So she almost died and now she has psychic powers. Which, by psychic powers, she means "being re This book warrants a full-on, GIF-ridden review. Which, by psychic powers, she means "being restricted to only wearing hoodies, acting like a total loon, constantly treating your friends like shit, going deaf on heavy metal, and generally being a lacking human being".

How does anyone deal with her kind of crazy? Then we have Damen, with an E. Not Damon, with an O. See, even Damon with an O thinks that's dumb. Oh, and Damen's last name is Auguste. Was somebody really trying to recreate a Salvatore brother?

Now, he's an "immortal". But he drinks weird red shit which is never fully explained and being red, sparkly and keeping him immortal I can only assume is magical unicorn blood , screws with people's heads, is insanely fast and strong, is psychic, and down-right creepy. So, I'm sorry, Noel, but you just invented the vampire.

Good for you. And he falls for the emotionless, creepy loner girl that is gorgeous but doesn't seem to notice, ala Edward Cullen. And thus the selfish stupidity ensues. He flirts with her, then her worst enemy, then her, then the enemy again.

Then a bunch of pointless teenage drama happens. They make out. She decides she hates him because???? I never could follow why she hated him half the time. Because he didn't give up his phone number??? Somebody dies. Ever worries more about Damen than the dead girl. Her best friend almost dies. She worries more about Damen than the best friend. Oh, and let's not forget she's seeing the ghost of her dead sister and kinda holding her hostage, saying things to the tune of "I can't lose you too!

I need you here! And that brings me around to the Twilight rip-off checklist: MC hating her life and being ungrateful of everything and everyone- check I'm sure there's more, but you get the point. If you take a shot for every similarity, you'll be dead in minutes. Especially when it came down to "the power of love" saving the fucking day. Yes, we pulled a Halo and love wins the war. She punches her in the chest, the heart chakra, and it kills her because she's lacking in love and Ever has so much?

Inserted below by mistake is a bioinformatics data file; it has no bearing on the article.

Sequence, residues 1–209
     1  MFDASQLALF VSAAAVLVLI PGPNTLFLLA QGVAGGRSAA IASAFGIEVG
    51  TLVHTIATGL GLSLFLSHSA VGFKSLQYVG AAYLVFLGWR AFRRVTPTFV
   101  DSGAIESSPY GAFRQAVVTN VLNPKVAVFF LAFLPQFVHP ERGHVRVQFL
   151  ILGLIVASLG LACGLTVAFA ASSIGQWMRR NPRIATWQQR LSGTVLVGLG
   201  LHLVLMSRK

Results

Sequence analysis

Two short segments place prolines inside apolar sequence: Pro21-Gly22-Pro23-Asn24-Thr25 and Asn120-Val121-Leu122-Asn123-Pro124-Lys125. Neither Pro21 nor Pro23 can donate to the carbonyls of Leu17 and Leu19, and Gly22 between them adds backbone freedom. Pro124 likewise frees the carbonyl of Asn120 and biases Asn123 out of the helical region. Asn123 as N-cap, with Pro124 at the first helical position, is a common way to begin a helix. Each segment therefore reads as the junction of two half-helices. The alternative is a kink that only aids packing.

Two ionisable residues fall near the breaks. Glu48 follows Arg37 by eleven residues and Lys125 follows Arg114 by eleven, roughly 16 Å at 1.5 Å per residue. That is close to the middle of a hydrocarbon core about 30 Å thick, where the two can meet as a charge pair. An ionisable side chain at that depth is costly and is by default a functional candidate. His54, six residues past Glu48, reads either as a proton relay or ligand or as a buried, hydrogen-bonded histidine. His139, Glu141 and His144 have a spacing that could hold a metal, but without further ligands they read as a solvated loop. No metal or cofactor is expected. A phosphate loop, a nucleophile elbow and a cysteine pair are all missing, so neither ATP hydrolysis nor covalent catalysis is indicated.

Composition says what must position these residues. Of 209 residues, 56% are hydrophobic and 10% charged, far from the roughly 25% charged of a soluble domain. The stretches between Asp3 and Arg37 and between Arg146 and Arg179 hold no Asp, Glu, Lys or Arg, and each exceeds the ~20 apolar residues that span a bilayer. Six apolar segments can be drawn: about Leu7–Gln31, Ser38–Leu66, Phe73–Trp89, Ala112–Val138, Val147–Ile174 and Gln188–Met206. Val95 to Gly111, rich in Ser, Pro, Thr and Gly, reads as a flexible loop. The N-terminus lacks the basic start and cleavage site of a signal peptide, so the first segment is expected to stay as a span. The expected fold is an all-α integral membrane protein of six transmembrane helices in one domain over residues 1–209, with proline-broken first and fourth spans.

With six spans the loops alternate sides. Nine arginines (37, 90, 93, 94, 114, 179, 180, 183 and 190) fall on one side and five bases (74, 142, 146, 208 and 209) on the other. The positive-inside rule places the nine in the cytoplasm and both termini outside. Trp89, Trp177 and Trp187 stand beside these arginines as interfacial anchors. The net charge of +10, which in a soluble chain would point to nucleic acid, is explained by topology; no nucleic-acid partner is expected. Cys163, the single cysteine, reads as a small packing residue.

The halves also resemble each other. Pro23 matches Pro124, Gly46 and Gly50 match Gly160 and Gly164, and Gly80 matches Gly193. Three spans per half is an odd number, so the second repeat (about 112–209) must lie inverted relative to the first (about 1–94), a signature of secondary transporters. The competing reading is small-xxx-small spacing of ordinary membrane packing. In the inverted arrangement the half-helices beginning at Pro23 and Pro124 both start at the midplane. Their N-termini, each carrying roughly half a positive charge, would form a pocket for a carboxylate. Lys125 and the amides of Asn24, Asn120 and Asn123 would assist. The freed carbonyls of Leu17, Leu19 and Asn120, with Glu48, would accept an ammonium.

Somebody thumped an immortal's breastbone and she croaked. No, there's no punchline. I didn't make it up. This shit really happened. A year-old immortal vampire.

Not coming to her rescue until he was "sure" she really wanted to live. Let that sink in: The whole story made me sick.

You might also like: VAMPIRE ACADEMY BOOK SERIES

It made no effing sense. Sparkly red drinks. Damen screwing with her memories and trying to convince her she didn't really see him bleeding her bestie on the living room rug. The power of LOVE saving the day. SMH Ever has some pretty serious trauma to deal with, but every time someone offer her counseling, help with her powers, a shoulder to cry on, she flips the fuck out and gets defensive.

Like helping her NOT be a nut is the worst idea on the planet. Instead, she chooses to self-medicate with vodka, drive drunk and get expelled. I wanted to smack Ever. With a fish. There was no real surprise, although the acid-induced Summerland place was a bit of a weird shocker.

More like a scene thought up while high than anything relevant. To sum it up, this book made my angry. Ever was ungrateful, bitchy, emotionless. I can't figure out how Damen is in love with her insta-love, of all things. And Damen is the Edward Cullen-wannabe, creepy, sneak-into-your-room-and-watch-you-sleep kinda stalker. The other characters were rather pointless. In conclusion: What I wanted to do when I finished this stupid book: View all 28 comments.

Feb 20, J. Stroube rated it it was amazing Shelves: I absolutely loved this book. It is a bit of an easy read, but well worth it. I felt as though the author had taken some of my favorite young adult books and blended them into one solid story.

This is basically a young adult romance novel with a supernatural twist. It had some humor peppered throughout it, but it was mostly just sweet.

Damen was an interesting character, but he did irritate me with the Drina situation I won't say more because I do not want to spoil it.You do not have to talk back.

S ince a horrible accident claimed the lives of her family, Ever can see auras, hear people's thoughts, and know a person's entire life story by touch. She loves him, she hates him. I introduce to you the most boring plot to be printed on paper. The Immortals books. It's not like the plot even makes any sense. I had terrible acne and I wore too much eyeliner because I thought I was emo, and I really liked wearing these frumpy ex-nursing shoes to school.

View all 9 comments. Let that sink in: If you live forever and don't want anybody to know it, get some furniture.